I also did not enjoy the reader. I admit that I just said that the author was not always clear where he was going or wanted to go, but the reader didn't help either. I had the impression that I was listening to someone reading the story for the 1st time, unable to put much life or expression into his reading and extremely inconsistent with character voicing (mostly not at all, but sometimes somewhat!)

    2 of 2 people found this review helpful
  • Eragon: The Inheritance Cycle, Book 1

    • UNABRIDGED (16 hrs and 21 mins)
    • By Christopher Paolini
    • Narrated By Gerard Doyle
    • Whispersync for Voice-ready

    When Eragon finds a polished blue stone in the forest, he thinks it is the lucky discovery of a poor farm boy; perhaps it will buy his family meat for the winter. But when the stone brings a dragon hatchling, Eragon realizes he has stumbled upon a legacy nearly as old as the Empire itself.

    Mary S. Murray says: "Delightful and Enjoyable"
    "Written by a teenager"

    I really think that this book is an exceptional first effort by a talented young writer, but as an unexceptional older reader I liked it only because it's the only way I've ever gotten the word "jejune" into a conversation. I found everything about the plot utterly predictable and boring (read it before, liked it better then) and the storyline very much in keeping with the imagination of a teenager. The first description of the main female character was such hackneyed tripe that I almost threw my device across the room. Imagine a lunchroom discussion at almost any junior highschool of a "perfect" or "beautiful" woman. Not that the imagination is lacking, but that most adults have imagined it before, and then (hopefully) moved on.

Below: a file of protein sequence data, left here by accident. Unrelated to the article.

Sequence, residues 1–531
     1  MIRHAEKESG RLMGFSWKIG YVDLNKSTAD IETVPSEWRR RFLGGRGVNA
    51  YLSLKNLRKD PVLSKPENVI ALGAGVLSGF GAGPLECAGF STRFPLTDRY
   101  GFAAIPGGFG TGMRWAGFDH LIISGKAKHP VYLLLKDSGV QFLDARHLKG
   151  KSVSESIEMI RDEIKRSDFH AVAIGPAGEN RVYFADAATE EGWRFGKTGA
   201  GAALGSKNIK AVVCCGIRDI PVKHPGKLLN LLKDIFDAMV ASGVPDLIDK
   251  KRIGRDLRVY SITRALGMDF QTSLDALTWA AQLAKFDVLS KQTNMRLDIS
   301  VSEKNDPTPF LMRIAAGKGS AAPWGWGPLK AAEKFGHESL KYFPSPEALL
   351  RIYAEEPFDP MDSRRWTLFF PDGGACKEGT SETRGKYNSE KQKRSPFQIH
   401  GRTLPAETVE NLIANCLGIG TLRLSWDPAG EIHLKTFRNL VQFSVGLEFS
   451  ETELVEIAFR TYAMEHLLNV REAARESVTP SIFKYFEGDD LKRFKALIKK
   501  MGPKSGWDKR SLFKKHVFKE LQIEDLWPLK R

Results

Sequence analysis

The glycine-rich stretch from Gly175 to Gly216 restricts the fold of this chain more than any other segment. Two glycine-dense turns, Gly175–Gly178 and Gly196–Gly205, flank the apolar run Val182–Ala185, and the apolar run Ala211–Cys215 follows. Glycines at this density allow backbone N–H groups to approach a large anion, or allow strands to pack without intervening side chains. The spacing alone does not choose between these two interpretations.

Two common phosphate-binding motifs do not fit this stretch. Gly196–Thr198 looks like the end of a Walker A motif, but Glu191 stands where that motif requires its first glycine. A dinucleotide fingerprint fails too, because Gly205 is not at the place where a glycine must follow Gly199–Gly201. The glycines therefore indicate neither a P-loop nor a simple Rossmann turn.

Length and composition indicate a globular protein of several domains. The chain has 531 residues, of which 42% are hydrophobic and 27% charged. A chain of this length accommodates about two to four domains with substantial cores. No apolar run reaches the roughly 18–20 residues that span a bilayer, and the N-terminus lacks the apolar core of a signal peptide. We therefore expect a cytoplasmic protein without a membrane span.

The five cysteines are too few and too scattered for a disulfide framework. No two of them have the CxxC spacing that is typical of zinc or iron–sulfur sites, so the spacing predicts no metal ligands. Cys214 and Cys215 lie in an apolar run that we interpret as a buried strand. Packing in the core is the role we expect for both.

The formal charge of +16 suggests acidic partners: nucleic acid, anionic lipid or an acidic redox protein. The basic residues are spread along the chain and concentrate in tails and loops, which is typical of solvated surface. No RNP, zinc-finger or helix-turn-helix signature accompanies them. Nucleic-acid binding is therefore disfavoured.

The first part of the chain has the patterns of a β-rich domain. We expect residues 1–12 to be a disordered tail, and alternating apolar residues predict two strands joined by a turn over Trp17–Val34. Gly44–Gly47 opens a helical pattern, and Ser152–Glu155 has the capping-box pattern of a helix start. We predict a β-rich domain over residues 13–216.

So, if you're young, or have VERY little fiction background, you may love this book. The reading is good, it moves along. I feel more sorry for Paolini than for any unhappy reader like myself, because when he gets older he'll have to face the fact that he actually wrote this (well, re-wrote actually, going back to the fact that nothing in the book is truly new or even a particularly fresh take).

    5 of 8 people found this review helpful
  • The Brothers Karamazov

    • UNABRIDGED (34 hrs and 9 mins)
    • By Fyodor Dostoevsky
    • Narrated By Frederick Davidson
    • Whispersync for Voice-ready

    In The Brothers Karamazov, Dostoevsky explores human nature at its most loathsome and cruel but never flinches at what he finds. The novel tells the stirring tale of four brothers: the pleasure-seeking, impatient Dmitri; the brilliant and morose Ivan; the gentle, loving, and honest Alyosha; and the illegitimate Smerdyakov, shy, silent, and cruel. They are behind the murder of one of literature's most despicable characters: their father. This was Dostoevsky's final and perhaps his finest work.

    David says: "superb rendition of Dostoyevsky's greatest novel"
    "poorly read??"